Men's Wives HTML version

The Ravenswing
Chapter 1
Which Is Entirely Introductory - Contains An Account Of Miss Crump, Her
Suitors, And Her Family Circle.
In a certain quiet and sequestered nook of the retired village of London - perhaps
in the neighbourhood of Berkeley Square, or at any rate somewhere near
Burlington Gardens--there was once a house of entertainment called the
"Bootjack Hotel." Mr. Crump, the landlord, had, in the outset of life, performed the
duties of Boots in some inn even more frequented than his own, and, far from
being ashamed of his origin, as many persons are in the days of their prosperity,
had thus solemnly recorded it over the hospitable gate of his hotel.
Crump married Miss Budge, so well known to the admirers of the festive dance
on the other side of the water as Miss Delancy; and they had one daughter,
named Morgiana, after that celebrated part in the "Forty Thieves" which Miss
Budge performed with unbounded applause both at the "Surrey" and "The Wells."
Mrs. Crump sat in a little bar, profusely ornamented with pictures of the dancers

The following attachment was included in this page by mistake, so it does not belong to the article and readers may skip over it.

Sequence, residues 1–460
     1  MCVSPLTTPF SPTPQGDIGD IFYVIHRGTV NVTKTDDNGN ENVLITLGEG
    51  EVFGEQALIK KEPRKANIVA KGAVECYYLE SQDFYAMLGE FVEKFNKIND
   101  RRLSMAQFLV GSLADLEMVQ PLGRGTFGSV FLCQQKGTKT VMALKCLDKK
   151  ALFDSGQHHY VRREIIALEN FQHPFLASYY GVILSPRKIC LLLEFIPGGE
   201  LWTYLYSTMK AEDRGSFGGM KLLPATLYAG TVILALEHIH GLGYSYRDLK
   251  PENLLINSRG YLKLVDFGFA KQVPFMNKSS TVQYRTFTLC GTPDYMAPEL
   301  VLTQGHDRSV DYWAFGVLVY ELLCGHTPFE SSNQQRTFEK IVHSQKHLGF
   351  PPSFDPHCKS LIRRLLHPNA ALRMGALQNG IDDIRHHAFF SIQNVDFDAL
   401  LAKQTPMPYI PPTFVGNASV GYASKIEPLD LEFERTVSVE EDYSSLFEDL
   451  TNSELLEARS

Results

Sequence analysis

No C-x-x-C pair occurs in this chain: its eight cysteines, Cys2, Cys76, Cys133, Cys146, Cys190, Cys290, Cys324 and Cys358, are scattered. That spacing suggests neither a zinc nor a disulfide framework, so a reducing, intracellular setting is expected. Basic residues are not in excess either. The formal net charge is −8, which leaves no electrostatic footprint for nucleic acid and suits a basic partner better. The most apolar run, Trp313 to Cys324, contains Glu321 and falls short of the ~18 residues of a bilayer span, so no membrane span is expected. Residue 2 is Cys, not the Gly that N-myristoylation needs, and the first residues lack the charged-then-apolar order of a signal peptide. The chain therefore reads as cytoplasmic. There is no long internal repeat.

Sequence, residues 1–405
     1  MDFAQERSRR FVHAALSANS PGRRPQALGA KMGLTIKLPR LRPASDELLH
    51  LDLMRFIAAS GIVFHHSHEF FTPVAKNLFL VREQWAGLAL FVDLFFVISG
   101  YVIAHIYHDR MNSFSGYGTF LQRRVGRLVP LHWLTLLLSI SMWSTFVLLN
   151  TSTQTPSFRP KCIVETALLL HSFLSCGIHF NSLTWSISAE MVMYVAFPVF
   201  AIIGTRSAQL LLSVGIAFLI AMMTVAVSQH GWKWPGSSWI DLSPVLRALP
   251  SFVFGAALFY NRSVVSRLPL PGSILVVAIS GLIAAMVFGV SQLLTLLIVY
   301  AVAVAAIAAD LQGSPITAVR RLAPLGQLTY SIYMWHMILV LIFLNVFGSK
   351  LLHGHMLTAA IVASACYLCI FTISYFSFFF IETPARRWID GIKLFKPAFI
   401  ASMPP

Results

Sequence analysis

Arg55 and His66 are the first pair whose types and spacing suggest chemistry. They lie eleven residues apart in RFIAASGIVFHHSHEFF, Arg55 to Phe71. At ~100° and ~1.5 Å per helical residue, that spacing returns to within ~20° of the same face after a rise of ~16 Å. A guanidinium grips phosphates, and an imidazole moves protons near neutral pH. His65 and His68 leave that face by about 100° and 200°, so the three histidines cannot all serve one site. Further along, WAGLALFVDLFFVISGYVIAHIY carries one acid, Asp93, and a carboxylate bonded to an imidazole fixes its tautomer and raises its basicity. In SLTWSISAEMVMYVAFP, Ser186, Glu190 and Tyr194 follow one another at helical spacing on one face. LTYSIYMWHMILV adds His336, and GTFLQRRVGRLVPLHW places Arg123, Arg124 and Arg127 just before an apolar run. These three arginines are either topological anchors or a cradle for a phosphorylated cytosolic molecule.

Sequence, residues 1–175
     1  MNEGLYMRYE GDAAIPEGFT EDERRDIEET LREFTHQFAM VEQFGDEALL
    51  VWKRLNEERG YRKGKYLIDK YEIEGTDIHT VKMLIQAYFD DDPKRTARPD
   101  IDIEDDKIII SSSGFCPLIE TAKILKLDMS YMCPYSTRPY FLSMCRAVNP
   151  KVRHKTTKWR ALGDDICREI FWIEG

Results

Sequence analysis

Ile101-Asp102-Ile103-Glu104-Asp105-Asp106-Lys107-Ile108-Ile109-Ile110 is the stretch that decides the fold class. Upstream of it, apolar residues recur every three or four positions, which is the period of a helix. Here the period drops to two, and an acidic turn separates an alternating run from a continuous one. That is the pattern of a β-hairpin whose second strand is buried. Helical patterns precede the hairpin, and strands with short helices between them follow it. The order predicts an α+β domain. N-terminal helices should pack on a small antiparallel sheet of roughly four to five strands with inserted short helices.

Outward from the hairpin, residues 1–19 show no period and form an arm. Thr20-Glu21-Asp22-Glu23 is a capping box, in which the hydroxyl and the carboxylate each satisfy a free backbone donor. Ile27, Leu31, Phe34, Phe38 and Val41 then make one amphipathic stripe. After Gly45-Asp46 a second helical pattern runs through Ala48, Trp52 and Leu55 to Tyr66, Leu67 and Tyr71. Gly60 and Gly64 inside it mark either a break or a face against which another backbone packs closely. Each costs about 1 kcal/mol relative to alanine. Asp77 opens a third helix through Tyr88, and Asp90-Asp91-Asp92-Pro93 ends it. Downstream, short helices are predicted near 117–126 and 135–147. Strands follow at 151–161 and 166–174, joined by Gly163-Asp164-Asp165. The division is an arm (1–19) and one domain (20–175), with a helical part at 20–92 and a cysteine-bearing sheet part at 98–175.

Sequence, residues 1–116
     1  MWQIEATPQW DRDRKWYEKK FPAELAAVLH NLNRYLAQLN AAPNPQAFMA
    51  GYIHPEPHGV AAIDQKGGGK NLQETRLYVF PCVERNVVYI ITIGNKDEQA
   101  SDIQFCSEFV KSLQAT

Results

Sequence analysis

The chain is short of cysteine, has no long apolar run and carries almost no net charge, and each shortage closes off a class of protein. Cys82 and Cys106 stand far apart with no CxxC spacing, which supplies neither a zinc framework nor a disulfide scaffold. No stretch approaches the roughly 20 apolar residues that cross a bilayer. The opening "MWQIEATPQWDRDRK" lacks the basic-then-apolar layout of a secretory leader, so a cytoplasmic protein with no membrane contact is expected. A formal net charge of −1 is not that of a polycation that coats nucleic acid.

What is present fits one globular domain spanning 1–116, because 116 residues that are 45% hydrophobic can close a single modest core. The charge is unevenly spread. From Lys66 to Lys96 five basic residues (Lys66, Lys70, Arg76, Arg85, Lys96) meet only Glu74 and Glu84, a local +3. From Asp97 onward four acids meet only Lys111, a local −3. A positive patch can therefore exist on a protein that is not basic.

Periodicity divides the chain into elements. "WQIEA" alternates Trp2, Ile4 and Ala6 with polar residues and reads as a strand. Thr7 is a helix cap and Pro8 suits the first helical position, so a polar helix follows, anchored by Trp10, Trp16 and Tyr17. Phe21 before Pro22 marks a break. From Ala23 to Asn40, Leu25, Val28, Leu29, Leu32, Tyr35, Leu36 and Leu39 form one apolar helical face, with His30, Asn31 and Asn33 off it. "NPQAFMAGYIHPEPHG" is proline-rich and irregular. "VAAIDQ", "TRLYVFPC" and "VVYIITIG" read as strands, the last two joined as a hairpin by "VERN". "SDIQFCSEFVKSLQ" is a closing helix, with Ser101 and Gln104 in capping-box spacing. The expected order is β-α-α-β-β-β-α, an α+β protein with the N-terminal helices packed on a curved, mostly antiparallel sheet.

of all ages, from Hillisberg, Rose, Parisot, who plied the light fantastic toe in
1805, down to the Sylphides of our day. There was in the collection a charming
portrait of herself, done by De Wilde; she was in the dress of Morgiana, and in
the act of pouring, to very slow music, a quantity of boiling oil into one of the forty
jars. In this sanctuary she sat, with black eyes, black hair, a purple face and a
turban, and morning, noon, or night, as you went into the parlour of the hotel,
there was Mrs. Crump taking tea (with a little something in it), looking at the
fashions, or reading Cumberland's "British Theatre." The Sunday Times was her
paper, for she voted the Dispatch, that journal which is taken in by most ladies of
her profession, to be vulgar and Radical, and loved the theatrical gossip in which
the other mentioned journal abounds.
The fact is, that the "Royal Bootjack," though a humble, was a very genteel
house; and a very little persuasion would induce Mr. Crump, as he looked at his
own door in the sun, to tell you that he had himself once drawn off with that very
bootjack the top-boots of His Royal Highness the Prince of Wales and the first
gentleman in Europe. While, then, the houses of entertainment in the
neighbourhood were loud in their pretended Liberal politics, the "Bootjack" stuck
to the good old Conservative line, and was only frequented by such persons as
were of that way of thinking. There were two parlours, much accustomed, one for
the gentlemen of the shoulder-knot, who came from the houses of their
employers hard by; another for some "gents who used the 'ouse," as Mrs. Crump